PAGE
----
Posts in computation
- 08 July 2016
As a scientist, watching the Brexit vote was a little bit painful. Though probably not for the reason you’re thinking. No, it wasn’t the politics that bothered me, but the method for making such an incredibly important decision. Let me explain…
Scientists are a bit obsessed with the concept of error. In the context of collecting data and anaylzing it, this takes the form of our “confidence” in the results. If all the data say the same thing, then we are usually pretty confident in the overall message. If the data is more complicated than this (and it always is), then we need to define how confident we are in our conclusions.
- 02 July 2016
When we discuss “computational efficiency”, you often hear people throw around phrases like \(O(n^2)\) or \(O(nlogn)\). We talk about them in the abstract, and it can be hard to appreciate what these distinctions mean and how important they are. So let’s take a quick look at what computational efficiency looks like in the context of a very famous algorithm: The Fourier Transform.
Briefly, A Fourier Transform is used for uncovering the spectral information that is present in a signal. AKA, it tells us about oscillatory components in the signal, and has a wide range of uses in communications, signal processing, and even neuroscience analysis.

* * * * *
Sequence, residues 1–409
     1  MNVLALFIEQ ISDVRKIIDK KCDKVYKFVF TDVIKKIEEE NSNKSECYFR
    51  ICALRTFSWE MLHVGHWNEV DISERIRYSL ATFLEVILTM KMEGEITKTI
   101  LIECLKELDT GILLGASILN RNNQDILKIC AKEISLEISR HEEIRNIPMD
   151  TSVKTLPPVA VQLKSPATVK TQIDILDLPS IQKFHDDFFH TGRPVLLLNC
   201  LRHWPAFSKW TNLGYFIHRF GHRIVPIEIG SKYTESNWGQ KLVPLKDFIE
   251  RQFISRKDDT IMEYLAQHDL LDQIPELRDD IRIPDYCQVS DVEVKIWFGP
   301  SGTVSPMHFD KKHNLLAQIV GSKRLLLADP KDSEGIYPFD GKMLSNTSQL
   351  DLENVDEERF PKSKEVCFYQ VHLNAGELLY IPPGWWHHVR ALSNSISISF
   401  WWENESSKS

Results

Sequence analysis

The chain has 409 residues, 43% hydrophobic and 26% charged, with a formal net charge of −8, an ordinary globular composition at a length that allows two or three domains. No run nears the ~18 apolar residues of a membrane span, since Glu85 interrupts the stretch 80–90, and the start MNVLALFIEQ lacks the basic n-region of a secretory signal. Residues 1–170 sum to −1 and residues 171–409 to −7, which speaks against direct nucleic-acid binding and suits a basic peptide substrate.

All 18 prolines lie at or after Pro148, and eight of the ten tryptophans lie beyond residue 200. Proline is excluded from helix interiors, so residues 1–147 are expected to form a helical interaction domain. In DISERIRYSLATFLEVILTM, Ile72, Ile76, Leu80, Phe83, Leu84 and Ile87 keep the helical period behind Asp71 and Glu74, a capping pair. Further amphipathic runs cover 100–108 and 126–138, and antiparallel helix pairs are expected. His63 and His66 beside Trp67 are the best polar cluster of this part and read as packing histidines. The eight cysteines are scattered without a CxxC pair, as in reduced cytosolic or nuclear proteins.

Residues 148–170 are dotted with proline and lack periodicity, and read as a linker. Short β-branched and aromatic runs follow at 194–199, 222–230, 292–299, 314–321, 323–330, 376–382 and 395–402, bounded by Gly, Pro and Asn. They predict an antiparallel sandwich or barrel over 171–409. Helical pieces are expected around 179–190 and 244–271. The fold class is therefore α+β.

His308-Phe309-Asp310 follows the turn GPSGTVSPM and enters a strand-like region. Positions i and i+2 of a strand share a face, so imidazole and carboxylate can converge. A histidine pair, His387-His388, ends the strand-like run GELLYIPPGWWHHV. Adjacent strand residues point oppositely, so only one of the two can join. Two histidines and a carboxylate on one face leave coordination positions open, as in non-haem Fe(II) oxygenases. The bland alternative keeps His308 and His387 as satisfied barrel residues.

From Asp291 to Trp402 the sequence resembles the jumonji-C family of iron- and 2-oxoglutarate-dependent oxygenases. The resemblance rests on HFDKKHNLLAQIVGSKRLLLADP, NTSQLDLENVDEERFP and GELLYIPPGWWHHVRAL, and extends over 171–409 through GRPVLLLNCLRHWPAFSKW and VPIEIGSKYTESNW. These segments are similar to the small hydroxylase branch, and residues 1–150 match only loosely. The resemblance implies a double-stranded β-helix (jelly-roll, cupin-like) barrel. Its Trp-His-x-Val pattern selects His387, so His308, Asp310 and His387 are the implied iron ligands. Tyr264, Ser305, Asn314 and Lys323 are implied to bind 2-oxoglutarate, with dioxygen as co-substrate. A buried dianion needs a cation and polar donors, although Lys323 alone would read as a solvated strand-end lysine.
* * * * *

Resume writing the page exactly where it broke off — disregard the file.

- 29 October 2015
As I’m entering the final years of graduate school, I’ve been applying for a few typical “pre-doc” fellowships. One of these is the NRSA, which is notorious for requiring you to wade through forests of beaurocratic documents (seriously, their “guidelines” for writing an NRSA are over 100 pages!). Doing so ends up taking a LOT of time.
This got me wondering what kind of success rates these grants have in the first place. For those who haven’t gone through the process before, it’s a bit opaque:
- 27 September 2015
In the last post I showed how to use a simple python bot to scrape data from Criagslist. This is a quick follow-up to take a peek at the data.
Note - data that you scrape from Craigslist is pretty limited. They tend to clear out old posts, and you can only scrape from recent posts anyway to avoid them blocking you.
In this notebook, I’ll show you how to make a simple query on Craigslist using some nifty python modules. You can take advantage of all the structure data that exists on webpages to collect interesting datasets.
First we need to figure out how to submit a query to Craigslist. As with many websites, one way you can do this is simply by constructing the proper URL and sending it to Craigslist. Here’s a sample URL that is returned after manually typing in a search to Craigslist: